When we think about addiction, we typically associate the term with alcohol, drugs and gambling.
But what about the device you’re using to read this blog post?
Technology, specifically in the form of portable tech like mobile phones, has become just as addictive and as difficult to overcome for a large part of the population. How addictive? Researchers claim that more than six per cent of the world’s population is addicted to some form of mobile technology.
(Check out these stats from TechJury for even more jaw-dropping digital details.)
Dr. David Greenfield, founder and medical director of the Center for Internet and Technology Addiction, says in this video interview that “tech addiction is the use of screens to the point that one of the major spheres of our life become imbalanced or unmanageable.” He highlights a reduction of sleep, sedentary behaviour, the inability to experience social empathy and social confidence, and the inability to do well in school or your career as possible side effects of too much screen use.
But how do you know if you are, in fact, addicted to that little computer in your pocket?
If you are concerned about your own personal screen use and its effects on your family, Psychology Today outlines a list of questions that can help you take stock of your digital habits:
- Have you noticed an increase in how often you use your device?
- Have you felt guilty about how often you use your device?
- Do you experience an urge to use your device?
- When you are using your device, do you experience a lift in your mood?
- When you are using your device, do you experience a thrill?
- When unable to use your device, do you experience discomfort?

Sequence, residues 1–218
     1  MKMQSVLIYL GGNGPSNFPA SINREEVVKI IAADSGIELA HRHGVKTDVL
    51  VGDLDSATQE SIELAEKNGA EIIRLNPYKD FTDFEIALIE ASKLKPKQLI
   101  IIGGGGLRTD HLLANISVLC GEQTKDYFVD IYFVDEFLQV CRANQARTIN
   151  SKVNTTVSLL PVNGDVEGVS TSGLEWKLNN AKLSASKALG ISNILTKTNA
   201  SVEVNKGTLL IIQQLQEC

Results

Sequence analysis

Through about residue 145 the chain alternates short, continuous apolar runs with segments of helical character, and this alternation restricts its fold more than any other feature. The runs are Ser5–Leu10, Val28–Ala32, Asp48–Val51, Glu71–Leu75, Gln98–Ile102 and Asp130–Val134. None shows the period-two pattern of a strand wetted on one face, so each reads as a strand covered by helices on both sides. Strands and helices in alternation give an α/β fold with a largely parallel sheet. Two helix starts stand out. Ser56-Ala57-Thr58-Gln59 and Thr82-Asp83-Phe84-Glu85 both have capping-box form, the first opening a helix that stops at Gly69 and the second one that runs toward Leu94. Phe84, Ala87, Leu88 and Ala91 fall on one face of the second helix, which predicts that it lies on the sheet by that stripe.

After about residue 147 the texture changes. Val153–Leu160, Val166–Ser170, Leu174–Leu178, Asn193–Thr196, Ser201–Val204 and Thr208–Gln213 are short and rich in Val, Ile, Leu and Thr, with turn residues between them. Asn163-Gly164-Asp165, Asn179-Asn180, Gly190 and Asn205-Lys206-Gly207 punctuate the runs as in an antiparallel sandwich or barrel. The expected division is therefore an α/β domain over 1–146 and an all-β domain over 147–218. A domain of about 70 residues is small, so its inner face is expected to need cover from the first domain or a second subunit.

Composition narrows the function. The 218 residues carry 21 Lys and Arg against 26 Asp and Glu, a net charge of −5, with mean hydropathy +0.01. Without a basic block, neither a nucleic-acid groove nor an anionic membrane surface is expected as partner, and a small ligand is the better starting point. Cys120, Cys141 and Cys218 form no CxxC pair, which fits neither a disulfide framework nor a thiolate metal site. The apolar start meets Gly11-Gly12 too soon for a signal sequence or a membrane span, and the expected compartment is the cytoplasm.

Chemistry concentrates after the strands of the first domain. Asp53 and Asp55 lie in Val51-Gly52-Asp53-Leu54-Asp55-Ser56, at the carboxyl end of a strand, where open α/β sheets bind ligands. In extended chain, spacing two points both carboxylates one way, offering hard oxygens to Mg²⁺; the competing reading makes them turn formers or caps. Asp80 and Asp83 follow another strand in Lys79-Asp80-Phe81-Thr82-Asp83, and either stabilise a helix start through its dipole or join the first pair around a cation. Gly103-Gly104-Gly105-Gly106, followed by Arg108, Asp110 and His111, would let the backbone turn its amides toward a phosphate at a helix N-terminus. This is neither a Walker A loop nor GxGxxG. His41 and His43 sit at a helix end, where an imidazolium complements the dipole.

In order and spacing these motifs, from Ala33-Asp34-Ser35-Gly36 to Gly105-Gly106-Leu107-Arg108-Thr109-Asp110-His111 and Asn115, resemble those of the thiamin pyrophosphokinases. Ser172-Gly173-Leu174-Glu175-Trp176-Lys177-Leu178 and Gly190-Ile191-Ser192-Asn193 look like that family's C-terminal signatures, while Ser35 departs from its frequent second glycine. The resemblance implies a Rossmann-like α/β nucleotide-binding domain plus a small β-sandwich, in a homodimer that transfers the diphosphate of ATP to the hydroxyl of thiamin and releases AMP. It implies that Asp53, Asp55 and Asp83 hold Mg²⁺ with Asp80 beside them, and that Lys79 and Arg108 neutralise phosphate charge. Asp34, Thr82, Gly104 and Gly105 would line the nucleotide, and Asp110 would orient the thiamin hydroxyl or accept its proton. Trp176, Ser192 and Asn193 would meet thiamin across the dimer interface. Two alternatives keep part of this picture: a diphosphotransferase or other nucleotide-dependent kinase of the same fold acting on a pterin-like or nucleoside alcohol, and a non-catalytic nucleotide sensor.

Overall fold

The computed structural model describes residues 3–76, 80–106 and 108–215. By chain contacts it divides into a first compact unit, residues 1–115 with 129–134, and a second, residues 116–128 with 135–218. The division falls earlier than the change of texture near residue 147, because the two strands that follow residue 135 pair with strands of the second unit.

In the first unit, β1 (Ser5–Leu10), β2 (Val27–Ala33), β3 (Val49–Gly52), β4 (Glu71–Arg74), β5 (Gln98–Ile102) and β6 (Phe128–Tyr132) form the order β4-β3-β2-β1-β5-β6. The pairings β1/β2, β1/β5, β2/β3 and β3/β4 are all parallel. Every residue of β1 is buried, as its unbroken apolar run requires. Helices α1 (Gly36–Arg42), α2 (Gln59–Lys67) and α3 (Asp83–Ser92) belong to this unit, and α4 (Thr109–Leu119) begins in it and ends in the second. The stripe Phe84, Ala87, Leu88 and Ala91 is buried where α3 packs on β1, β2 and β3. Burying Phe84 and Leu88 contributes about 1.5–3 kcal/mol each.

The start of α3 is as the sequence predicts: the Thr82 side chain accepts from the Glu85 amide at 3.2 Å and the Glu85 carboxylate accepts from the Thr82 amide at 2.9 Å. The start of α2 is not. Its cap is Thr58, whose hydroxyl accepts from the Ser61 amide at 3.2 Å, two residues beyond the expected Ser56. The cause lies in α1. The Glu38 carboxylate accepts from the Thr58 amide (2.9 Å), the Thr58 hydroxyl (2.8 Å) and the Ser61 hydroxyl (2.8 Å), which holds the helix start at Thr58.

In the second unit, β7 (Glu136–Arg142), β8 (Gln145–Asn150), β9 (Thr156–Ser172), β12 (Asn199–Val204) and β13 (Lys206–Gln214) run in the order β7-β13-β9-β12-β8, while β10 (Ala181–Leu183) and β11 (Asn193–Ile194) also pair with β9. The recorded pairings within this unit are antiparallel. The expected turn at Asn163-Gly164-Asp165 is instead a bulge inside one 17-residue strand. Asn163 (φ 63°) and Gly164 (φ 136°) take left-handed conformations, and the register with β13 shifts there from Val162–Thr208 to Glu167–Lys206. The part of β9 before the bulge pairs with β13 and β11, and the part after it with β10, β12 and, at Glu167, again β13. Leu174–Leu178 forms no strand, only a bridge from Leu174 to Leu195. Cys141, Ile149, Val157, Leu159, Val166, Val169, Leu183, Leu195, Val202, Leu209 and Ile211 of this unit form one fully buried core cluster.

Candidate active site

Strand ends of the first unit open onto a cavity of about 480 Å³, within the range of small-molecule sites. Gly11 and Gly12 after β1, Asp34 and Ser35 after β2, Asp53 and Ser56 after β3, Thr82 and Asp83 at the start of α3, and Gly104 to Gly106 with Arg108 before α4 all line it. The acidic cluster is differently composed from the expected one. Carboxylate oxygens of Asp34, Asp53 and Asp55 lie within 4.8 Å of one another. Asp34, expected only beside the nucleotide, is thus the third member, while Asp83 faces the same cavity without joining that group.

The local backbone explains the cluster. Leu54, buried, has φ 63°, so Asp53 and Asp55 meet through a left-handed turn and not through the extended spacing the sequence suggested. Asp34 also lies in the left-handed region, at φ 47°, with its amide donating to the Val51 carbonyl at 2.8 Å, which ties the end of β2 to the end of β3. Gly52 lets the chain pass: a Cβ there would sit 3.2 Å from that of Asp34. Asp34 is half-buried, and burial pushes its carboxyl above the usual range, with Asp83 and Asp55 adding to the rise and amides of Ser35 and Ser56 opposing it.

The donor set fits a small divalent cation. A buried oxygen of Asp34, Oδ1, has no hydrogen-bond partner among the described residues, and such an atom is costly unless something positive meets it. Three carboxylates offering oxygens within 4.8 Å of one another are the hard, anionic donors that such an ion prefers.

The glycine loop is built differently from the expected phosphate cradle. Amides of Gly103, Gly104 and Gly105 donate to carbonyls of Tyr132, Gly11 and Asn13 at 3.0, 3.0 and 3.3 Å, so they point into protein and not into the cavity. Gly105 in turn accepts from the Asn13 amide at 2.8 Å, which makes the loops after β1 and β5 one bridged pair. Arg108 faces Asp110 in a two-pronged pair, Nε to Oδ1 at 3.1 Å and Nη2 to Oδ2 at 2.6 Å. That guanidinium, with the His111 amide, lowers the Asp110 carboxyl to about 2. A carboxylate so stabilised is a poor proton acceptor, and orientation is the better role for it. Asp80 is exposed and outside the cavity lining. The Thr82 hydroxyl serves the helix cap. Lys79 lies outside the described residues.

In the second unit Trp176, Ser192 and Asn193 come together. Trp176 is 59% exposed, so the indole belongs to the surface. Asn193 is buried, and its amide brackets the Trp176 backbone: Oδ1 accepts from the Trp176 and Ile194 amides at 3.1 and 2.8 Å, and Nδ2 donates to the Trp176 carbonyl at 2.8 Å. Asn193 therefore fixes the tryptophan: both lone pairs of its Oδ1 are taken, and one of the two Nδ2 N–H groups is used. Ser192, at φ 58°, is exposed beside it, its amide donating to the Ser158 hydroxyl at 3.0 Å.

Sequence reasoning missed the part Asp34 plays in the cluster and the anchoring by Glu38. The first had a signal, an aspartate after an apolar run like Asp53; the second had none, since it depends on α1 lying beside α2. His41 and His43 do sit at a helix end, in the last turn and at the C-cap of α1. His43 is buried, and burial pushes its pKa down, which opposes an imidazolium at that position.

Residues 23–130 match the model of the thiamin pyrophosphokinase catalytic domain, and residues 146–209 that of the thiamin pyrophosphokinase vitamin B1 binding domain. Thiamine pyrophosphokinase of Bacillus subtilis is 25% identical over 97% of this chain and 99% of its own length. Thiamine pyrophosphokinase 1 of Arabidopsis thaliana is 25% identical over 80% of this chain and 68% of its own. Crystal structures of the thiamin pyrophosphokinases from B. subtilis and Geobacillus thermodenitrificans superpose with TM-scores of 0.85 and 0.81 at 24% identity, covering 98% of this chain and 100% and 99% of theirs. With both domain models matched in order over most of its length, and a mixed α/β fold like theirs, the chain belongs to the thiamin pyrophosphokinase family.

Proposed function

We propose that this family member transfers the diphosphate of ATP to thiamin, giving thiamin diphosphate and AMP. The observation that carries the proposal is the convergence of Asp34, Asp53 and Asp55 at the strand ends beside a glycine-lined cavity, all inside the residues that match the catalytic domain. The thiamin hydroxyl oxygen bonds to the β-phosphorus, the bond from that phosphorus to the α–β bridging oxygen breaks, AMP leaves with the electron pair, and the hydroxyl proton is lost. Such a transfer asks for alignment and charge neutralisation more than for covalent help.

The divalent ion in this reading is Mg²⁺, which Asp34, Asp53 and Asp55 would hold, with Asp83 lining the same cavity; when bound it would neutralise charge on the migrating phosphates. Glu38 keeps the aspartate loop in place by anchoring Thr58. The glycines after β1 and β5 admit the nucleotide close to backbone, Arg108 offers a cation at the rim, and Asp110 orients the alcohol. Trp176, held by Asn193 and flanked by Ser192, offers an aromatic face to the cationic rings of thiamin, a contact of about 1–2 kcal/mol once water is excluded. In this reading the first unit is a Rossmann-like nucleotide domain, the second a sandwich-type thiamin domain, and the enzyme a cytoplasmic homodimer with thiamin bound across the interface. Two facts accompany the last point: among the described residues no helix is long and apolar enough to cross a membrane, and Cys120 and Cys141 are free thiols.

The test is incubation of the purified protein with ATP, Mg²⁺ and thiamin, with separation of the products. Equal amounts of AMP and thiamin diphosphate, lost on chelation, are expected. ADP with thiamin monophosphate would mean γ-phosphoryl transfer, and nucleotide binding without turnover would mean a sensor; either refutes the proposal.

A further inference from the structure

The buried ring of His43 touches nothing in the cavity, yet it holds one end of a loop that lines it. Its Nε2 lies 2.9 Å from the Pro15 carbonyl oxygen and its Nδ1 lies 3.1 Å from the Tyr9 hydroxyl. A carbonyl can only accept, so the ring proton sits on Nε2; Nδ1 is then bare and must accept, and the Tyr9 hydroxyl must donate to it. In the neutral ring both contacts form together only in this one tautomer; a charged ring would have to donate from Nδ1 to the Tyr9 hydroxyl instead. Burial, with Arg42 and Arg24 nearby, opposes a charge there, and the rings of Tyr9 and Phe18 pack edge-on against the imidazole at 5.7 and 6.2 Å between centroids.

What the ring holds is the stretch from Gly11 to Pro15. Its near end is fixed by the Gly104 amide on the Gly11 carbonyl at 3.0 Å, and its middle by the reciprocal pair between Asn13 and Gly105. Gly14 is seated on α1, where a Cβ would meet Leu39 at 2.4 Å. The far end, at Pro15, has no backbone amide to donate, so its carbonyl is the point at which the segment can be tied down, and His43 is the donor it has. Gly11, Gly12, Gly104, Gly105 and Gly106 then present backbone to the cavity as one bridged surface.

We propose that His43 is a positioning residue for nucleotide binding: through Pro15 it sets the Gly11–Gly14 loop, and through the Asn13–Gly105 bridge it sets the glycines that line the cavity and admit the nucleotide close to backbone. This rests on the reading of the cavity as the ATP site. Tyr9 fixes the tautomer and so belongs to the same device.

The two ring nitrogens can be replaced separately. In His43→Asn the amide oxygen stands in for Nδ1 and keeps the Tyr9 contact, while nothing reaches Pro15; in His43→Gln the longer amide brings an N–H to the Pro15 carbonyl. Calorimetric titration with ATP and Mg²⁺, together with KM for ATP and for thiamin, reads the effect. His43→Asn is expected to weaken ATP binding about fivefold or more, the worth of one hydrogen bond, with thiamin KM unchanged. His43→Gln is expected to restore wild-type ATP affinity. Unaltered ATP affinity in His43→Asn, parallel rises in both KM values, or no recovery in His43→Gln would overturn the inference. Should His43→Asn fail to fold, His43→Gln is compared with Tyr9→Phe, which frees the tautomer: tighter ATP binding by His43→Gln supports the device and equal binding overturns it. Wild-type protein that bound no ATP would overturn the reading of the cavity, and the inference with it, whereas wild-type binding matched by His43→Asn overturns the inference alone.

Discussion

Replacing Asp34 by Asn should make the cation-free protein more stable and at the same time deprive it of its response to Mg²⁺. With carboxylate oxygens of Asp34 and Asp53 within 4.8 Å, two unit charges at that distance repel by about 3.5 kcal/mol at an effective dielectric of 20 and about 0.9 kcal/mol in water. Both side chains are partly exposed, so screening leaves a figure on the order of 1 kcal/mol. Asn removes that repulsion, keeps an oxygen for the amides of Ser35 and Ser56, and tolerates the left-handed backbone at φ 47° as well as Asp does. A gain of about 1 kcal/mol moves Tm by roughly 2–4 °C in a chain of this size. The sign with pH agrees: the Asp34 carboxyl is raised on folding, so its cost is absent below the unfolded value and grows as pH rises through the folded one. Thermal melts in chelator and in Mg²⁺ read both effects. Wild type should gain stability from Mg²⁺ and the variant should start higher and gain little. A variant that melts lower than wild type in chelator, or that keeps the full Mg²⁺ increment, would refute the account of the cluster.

- Have you noticed times in which it seems as though time was lost while you were in the zone using your device?
- Do you use your device to brighten your mood?
- Have you tried to reduce the amount of time that you use your device? If so, were you successful in reducing your amount?
- Have your loved ones complained about your use? If yes, have you continued your usage rate regardless of their complaints?
But it’s not just adults who are glued to their screens. Technology use among children is at an all-time high, and their addictive tendencies with tech often start with what they are seeing at home.
Greenfield says that the best way to establish healthy tech use practices in your children is to create a family context on how technology and screens are going to be used inside and outside the home.
“The idea is to create a balanced use where screens are part of your life, not the majority of your life,” he says.
Greenfield says to establish open forms of communication and standards, regulate usage limits, filter content and apps, and set periods of time where you all have a digital detox. “Children essentially imitate what their parents are doing,” he says. “If you want your children to buy into the idea that limited screen use is healthy and desirable, you have to do it yourself.”
Jamie Hunter is a freelance content specialist living in Dundas, Ont. with his wife, eight-year-old daughter and four-year-old son. Over the past 15 years, he has contributed to a variety of national lifestyle and entertainment print publications and worked in corporate communications roles at Harbourfront Centre and the University of Toronto. A self-described amateur entomologist, wannabe ornithologist, and fair-weather angler, on weekends he can be found covered in dirt tending to his gardens.